Confusion Hits Chinese Ports As Trump's Tariffs Go Into Effect

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US President Donald Trump on Friday rolled out tariffs on $34 billion of Chinese goods in what Beijing called the "largest trade war" in economic history.

The Trump administration contends China has deployed predatory tactics in a push to overtake USA technological dominance.

There was no evidence of any last-minute negotiations between US and Chinese officials, business sources in Washington and Beijing said.

Trump's tariffs are the result of an investigation by the administration into the theft of United States intellectual property by Chinese firms and their government.

American Soybean Association President John Heisdorffer said the retaliatory tariffs will "sting" his industry.

Chinese buying of soybeans has ground nearly to a halt ahead of the duties, while Chinese farmers worry the penalties and tighter supplies will drive up costs, squeeze margins and ultimately inflate retail prices of pork, the country's top-selling meat.

China's tariffs, on the other hand, will hit agricultural products like soybeans and pork.

"Our commodity market and job market are relatively flexible, and our foreign-related economic sectors' ability to make flexible adjustment is more prominent", said Guo Shuqing, chairman of the China Banking and Insurance Regulatory Commission, in an interview Thursday with the Chinese financial newspaper Financial News. -China trade involves parts and supplies, rather than final goods - so the most immediate effect will be felt by the companies making the products, not the consumers finding them on store shelves.

Shares in Chinese markets took a beating in the run-up to the deadline, slipped further after passing, and pulled the Asian markets down. The Shanghai Composite index fell 1.1 per cent, after reaching more than a two-year low this week, while United States indices are expected to follow suit when they open later today. Beijing has announced reforms this year including ending limits on foreign ownership in its auto industry, but none directly addresses complaints that are fueling its conflict with Washington.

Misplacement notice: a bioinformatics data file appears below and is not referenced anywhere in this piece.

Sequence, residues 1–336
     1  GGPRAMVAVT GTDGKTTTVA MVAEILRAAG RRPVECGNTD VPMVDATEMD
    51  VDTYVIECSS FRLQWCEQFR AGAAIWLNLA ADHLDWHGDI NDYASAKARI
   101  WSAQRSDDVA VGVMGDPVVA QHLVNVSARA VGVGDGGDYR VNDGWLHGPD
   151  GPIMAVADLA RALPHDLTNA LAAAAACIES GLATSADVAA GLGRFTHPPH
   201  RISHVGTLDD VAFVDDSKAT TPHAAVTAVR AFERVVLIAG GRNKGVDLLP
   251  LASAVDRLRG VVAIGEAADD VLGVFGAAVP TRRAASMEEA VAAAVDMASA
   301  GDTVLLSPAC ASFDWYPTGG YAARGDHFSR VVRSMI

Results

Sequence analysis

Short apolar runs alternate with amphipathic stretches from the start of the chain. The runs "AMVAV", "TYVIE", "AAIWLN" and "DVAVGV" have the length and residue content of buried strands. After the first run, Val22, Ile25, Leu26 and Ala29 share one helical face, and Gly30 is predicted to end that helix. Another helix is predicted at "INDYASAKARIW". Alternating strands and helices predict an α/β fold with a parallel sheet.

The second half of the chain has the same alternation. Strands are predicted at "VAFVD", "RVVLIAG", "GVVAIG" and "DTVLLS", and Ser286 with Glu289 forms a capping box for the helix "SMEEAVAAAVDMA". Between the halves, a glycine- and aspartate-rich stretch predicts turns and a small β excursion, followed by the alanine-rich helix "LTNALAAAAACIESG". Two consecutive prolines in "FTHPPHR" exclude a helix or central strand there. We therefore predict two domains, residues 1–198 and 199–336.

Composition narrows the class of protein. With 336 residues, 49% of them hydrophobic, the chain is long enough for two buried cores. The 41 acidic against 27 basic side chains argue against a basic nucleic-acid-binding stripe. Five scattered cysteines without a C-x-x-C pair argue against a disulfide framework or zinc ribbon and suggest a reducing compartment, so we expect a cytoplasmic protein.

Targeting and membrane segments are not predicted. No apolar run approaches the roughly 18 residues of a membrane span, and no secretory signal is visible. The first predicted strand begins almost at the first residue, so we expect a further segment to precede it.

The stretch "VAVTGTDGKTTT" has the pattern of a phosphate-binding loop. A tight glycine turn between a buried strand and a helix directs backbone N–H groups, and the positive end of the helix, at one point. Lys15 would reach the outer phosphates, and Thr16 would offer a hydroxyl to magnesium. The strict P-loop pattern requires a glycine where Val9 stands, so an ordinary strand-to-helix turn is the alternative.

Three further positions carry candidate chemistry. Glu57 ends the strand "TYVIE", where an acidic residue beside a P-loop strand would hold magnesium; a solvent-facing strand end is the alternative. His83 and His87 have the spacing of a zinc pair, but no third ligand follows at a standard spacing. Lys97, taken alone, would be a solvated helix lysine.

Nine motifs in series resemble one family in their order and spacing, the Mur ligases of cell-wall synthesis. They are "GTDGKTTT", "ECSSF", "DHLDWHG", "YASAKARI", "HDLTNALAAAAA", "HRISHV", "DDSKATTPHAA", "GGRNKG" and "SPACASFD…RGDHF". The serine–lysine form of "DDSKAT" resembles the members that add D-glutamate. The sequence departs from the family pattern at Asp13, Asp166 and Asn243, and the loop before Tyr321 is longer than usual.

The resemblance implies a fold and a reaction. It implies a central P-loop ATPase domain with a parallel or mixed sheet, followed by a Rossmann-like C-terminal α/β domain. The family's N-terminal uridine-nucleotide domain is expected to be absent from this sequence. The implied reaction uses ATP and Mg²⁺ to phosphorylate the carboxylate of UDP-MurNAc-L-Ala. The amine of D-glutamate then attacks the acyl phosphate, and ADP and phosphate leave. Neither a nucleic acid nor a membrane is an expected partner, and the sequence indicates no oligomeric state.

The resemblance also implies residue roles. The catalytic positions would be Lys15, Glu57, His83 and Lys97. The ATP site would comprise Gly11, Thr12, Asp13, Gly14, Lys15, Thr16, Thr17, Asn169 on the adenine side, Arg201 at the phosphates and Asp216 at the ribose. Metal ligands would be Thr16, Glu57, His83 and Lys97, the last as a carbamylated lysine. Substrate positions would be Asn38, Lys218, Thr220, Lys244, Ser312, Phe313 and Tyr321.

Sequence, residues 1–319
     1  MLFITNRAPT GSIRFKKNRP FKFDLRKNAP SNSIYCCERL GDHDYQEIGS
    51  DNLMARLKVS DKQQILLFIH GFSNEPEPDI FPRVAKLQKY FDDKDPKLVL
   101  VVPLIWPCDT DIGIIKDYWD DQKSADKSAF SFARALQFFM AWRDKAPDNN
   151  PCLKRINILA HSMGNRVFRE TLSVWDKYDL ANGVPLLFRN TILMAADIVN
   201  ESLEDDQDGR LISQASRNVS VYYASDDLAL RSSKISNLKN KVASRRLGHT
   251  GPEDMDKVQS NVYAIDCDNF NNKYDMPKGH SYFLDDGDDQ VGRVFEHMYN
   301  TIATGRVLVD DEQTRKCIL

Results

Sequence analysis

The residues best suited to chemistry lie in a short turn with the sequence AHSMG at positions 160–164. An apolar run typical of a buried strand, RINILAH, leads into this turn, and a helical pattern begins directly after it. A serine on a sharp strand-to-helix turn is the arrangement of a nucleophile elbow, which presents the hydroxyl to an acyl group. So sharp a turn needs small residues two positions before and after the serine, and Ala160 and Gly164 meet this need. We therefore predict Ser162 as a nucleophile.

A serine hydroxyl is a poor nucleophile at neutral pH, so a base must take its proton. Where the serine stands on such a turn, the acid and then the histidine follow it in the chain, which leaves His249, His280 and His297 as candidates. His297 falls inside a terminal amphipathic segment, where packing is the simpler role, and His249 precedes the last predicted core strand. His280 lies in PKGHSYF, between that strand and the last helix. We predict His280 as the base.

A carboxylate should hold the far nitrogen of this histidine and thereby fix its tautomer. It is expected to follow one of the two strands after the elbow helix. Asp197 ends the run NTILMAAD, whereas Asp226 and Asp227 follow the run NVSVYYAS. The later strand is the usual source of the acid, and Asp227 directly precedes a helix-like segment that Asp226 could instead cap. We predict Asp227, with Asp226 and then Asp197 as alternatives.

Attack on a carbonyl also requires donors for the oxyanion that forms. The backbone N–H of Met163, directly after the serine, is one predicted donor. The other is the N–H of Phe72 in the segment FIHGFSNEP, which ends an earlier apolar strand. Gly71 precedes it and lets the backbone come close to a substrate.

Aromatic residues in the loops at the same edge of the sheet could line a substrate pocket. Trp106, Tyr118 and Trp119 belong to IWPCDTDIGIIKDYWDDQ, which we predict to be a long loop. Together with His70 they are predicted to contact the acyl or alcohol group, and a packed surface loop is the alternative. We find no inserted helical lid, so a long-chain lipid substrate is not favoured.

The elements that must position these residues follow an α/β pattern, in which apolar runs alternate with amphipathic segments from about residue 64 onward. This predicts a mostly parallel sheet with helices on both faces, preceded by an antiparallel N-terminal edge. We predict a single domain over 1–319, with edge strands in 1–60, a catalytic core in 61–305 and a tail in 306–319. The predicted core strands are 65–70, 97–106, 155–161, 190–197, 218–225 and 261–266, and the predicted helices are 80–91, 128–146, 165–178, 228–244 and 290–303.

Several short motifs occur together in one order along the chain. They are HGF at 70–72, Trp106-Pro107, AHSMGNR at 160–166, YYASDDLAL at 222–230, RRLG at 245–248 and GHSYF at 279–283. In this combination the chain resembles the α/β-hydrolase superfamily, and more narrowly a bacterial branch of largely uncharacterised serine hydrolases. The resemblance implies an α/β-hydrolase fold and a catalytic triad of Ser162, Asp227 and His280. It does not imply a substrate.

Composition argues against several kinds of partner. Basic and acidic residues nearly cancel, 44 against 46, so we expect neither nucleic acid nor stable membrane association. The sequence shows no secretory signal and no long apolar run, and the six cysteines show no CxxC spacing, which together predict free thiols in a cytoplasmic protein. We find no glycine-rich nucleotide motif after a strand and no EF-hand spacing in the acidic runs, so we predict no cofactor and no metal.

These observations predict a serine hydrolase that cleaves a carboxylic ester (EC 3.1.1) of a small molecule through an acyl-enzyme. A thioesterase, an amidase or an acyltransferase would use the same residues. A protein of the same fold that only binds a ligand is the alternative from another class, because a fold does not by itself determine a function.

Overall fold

"In a gaggle aboard Air Force One Thursday, Trump all but confirmed that he was following through with his threats, ticking through the additional tariffs he planned to levy after the initial salvo kicked in: ".

After that, the hostilities could intensify: Trump said the United States is ready to target an additional $200 billion in Chinese imports - and then $US300 billion more - if Beijing does not yield to U.S. demands and continues to retaliate.

That would bring the total of targeted Chinese goods to potentially US$550 billion - more than the US$506 billion in goods that China actually shipped to the United States a year ago.

The U.S. also has irked some of its closest allies by hiking import duties on steel, aluminum and autos from Europe, Japan, Canada and Mexico. If the determined to escalate conflicts with China, then so be it.

That came after President Trump warned that in the end, the US could target over $500 billion worth of Chinese goods - roughly the amount, in total, that the USA has imported from China a year ago.

"This is a potential concern for the outlook of corporate investment and consumption around world", Hui said. "But it is applying the brakes to a global economy that has less durable momentum than appears to be the case", Rob Carnell, chief economist at ING, said in a note to clients.

"The worldwide financial crisis, which ensured that we now act in the framework of the G-20, would never have been resolved so quickly, despite the pain, if we hadn't cooperated in a multilateral fashion in the spirit of comradeship", Merkel said on Wednesday.

The bank estimates that every $US100b of imports affected by the tariffs represents about 0.5 percent of global trade and 0.1 percent of global GDP. But after three rounds of negotiations between the two sides, including a Chinese pledge to significantly increase purchases of American products, Trump chose to go ahead with the tariffs.

There was no evidence of any last-minute negotiations between United States and Chinese officials, business sources in Washington and Beijing said.

The company wants customers to split the cost of the tariff hike, but few are willing, said Tong.